The twittersphere was awash on Sunday night with memos to the International Tennis Federation that it should be taking a long look at the Ryder Cup and realise that the Davis Cup (and to a lesser extent, Fed Cup) need updating and reforming if they’re not to look like arcane competitions by comparison.
Well, where do we start. The Ryder Cup has probably the most perfect competition format of any sport. Everything builds to the Sunday, with team spirit and teamwork paying off over the first two days and then each of the 12 players on each side having to cope with the pressure of being on their own, yet playing for their team, in singles on the final day. Very few sporting events can rival it for drama, if you’re a European or an American.
The Davis Cup is the oldest and most prestigious team competition in tennis but in this era when tennis has become so much more a physical sport, getting the best players to commit to each tie is nigh impossible, at least for those who are reaching the finals weekend in almost every tournament, like the top four have done over the past few years.
Everyone seems to feel that the Davis Cup needs change. But what? For all its flaws, it deserves respect and to completely rip it up and start again would surely be unnecessary. Look at the effort players and teams do put in to it; how much they hurt when they lose and how much joy they show when they win a big tie or win the competition.
It is asking too much, I would have thought, to replace it with a Ryder Cup-style competition. There are not enough Americans to make it worthwhile at the moment, for a start, but it’s unfair on the Rest of the World players and you’d have the obvious thorny issues of who picks the teams and how do players qualify for it.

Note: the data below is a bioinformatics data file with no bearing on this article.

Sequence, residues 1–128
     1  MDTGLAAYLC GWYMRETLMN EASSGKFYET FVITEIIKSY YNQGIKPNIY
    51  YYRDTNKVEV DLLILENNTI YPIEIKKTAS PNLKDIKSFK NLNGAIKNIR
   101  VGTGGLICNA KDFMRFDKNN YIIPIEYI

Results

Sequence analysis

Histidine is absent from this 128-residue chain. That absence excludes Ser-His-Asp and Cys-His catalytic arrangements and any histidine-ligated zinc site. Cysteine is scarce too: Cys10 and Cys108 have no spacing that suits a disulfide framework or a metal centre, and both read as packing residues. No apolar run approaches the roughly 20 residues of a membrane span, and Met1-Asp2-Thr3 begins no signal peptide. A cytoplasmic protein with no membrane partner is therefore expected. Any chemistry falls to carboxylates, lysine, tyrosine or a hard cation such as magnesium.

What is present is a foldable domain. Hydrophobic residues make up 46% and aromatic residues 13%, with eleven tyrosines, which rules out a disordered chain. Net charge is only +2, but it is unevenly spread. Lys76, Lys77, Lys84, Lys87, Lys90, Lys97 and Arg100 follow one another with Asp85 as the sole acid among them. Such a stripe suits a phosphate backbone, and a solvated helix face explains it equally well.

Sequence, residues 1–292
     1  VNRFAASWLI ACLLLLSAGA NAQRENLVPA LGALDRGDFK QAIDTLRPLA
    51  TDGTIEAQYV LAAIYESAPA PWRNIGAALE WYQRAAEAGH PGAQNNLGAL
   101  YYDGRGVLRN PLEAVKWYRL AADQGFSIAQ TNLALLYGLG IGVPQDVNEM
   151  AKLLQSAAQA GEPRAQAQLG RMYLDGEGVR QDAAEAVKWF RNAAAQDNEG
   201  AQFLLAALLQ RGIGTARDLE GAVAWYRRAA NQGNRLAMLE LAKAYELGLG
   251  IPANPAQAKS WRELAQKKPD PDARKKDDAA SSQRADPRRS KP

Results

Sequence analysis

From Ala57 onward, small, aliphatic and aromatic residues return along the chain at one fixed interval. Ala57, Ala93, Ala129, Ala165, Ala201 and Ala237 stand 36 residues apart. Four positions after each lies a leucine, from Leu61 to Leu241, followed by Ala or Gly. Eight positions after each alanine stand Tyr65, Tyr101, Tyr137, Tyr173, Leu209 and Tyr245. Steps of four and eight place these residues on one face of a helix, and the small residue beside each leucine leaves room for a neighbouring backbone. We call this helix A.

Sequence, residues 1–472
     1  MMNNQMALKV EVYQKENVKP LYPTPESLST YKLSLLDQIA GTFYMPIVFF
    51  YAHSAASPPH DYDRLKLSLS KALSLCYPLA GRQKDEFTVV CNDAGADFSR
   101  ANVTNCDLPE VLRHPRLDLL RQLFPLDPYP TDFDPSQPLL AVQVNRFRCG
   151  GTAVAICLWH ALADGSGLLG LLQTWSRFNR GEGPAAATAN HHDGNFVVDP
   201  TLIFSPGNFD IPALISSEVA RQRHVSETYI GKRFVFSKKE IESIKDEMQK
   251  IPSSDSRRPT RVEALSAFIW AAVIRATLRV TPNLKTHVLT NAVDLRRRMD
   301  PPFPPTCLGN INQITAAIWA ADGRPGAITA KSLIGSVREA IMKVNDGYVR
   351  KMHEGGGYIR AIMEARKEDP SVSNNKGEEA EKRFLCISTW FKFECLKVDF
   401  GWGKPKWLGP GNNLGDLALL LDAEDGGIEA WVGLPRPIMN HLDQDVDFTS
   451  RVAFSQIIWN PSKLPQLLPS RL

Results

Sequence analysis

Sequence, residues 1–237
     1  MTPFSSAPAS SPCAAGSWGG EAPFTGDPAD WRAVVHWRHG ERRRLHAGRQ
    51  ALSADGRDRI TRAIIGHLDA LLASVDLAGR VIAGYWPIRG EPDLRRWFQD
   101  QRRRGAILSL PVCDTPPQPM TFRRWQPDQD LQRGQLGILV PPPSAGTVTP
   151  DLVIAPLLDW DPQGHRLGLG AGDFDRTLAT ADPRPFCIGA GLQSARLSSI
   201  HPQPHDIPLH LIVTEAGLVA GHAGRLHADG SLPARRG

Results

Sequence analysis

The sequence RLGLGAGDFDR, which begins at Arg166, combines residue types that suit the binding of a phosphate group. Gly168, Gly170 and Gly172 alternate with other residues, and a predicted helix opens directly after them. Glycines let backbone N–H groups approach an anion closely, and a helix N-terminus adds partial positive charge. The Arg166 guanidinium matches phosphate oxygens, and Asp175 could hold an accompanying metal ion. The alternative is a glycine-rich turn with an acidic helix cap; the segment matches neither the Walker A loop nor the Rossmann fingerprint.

But, there are plenty of things tennis can learn from the Ryder Cup. First, it’s place in the calendar – once every two years. That makes a massive difference; unlike in tennis, players can build towards it and the status of the contest increases as a result too. The World Cup is the pinnacle of footballing success but it would be reduced in status if it were held too often, rather than its current once every four year-format. The Olympics mean more to athletes because it’s every four years.
Former world No 1 Pete Sampras told The Tennis Space this summer that he felt the Olympic tennis event should be a team competition, rather than an individual one, because it was not the pinnacle of the sport. I am sure Andy Murray might disagree after winning the gold medal in the singles, but you can see Sampras’s point. You’d get more of a team spirit, a team ethic going and that could create real drama.
What stops the big guns playing each tie is generally that it interrupts their ability (at least in their mind) to peak for the four grand slam events each year. If they play all Davis Cup ties, they feel, then their form might be compromised. While the Fed Cup format is far better – outside the top group, the teams are grouped together for a week and play three matches, and in the top group, there are just three rounds – Davis Cup involves committing to four matches, perhaps all a long way from home, if you want to win it.
Players have discussed the idea of making the matches in Davis Cup three sets instead of the current five. The ITF don’t want to do that because they see it as dumbing down but they may have to listen to their players if they want it to live on. Something’s got to give, you feel, but the fact that the ITF, which also runs the grand slams, constantly competes with the ATP and WTA Tours for its standing, doesn’t help to produce logical and rational decisions for the good of the sport.
Ask most of the top players and they will tell you they are in favour of making the Davis Cup every two years. That would give them more chance to actually look forward to it but I think it needs more. I think the format is fine outside of the world group, where many of the nations actually need the money created to help to fund the sport in their country. But how about this? Put the semi-finals and finals together into one week at the end of the season. That way, four teams would be involved and it would have more of a competition feel, than just a one country v another feel.
Nothing’s going to be perfect, there is an awful lot of self-interest at heart and you’re not going to please everyone. But players love playing team competitions and if the organisers are brave enough and humble enough to find the right format, then the top names will play.